For example, old castles are usually described as big and spooky, when in reality they are quite small. If one is writing about a spaceship but has no understanding of how does it works, this will most likely look bad. It’s always better to write about things that are already familiar to you instead of choosing a stereotypical location because you’ve seen it on some TV show, etc. 

  • Plot.

Most of the clichés are plot twists: you may think they look good, but in reality, they are predictable and boring to your readers. Moreover, some of these plot tropes actually make your fiction worse: for example, when it turns out that all story was just a dream or when everything is explained by magic.
Another popular (and boring) trope is the “Deus Ex Machina” one: when a certain character appears just to drastically change the story by doing or saying something, or solving a certain problem, etc. Though it was used often in the past, these days it has become a cliché, and when you use it, you can look like a weak writer, who’s unable to solve the novel’s conflict in a more interesting way. 
Writing is a pleasant process, but it is complex too: you have to avoid clichés, work on your style, choose the right methods to express something, and so on. I wish you good luck with that and hope that you’ll become a brilliant writer one day!


If you enjoyed this post please check out: Methods of expressive means you need to know

Written by Alice Jones

Hunting For Ideas: Plot Bunnies And Where To Find Them

I was asked what the best pet for a writer would be, my answer: A Plot Bunny. You cannot buy a plot bunny in a store or find it in a field. A plot bunny is born and raised in your head, and if you take care of your bunny, nurture it and give it all of your love, imagination, and creativity, you eventually have a whole farm of bunnies.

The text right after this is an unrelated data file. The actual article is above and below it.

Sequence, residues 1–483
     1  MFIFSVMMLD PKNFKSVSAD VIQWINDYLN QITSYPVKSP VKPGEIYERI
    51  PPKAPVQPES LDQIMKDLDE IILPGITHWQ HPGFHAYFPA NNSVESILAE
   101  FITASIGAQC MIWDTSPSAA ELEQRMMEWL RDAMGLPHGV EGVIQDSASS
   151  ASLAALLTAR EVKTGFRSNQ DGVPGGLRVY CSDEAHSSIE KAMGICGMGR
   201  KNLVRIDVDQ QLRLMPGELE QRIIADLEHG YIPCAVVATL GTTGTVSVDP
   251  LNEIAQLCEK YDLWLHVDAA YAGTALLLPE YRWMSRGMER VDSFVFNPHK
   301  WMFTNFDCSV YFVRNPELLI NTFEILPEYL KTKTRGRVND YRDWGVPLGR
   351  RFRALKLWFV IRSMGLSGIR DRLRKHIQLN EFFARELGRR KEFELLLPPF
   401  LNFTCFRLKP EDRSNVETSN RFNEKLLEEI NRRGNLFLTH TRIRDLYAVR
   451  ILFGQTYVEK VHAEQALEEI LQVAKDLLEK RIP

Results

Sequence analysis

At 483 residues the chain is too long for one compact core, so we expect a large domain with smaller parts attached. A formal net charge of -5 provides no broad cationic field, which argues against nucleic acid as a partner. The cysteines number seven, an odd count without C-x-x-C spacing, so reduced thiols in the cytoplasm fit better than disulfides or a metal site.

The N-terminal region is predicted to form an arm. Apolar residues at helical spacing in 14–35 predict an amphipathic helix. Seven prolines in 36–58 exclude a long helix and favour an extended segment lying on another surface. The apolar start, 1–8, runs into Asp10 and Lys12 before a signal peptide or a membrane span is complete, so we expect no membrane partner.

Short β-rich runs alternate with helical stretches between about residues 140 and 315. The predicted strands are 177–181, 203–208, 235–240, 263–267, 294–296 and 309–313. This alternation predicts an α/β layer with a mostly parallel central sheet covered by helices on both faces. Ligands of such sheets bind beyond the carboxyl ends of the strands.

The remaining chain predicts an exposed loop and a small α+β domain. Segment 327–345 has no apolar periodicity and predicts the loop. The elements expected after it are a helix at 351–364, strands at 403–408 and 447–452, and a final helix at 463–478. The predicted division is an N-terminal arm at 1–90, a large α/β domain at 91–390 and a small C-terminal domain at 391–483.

John Steinbeck once said: ‘Ideas are like rabbits. You get a few and learn how to handle them, and pretty soon you have a dozen.’ These are the words which made a plot bunny a real character or rather a technique for a writer. A good writer knows that feeling when the idea is born and you can do nothing until you write it down. This what your plot bunny does. It generates the ideas which you cannot get rid of until the story is ready. (Removed sentence)

Plot bunny and your creativity

Of course, a plot bunny is not a real animal but it does need to be fed. Another name for plot bunnies is creativity. A creative person has the ability to create a masterpiece from nothing with a little persistence and commitment. The same is with a good writer: he/she can always find a plot bunny in their head and tame it. 

Being creative creatures, plot bunnies live in our dreams, experiences, and observations. It seems that they come from nowhere, but they actually born from our subconscious. The most interesting thing is that one plot bunny always attracts another one. If you treat them well, you will find hundreds of plot bunnies in your garden of creativity.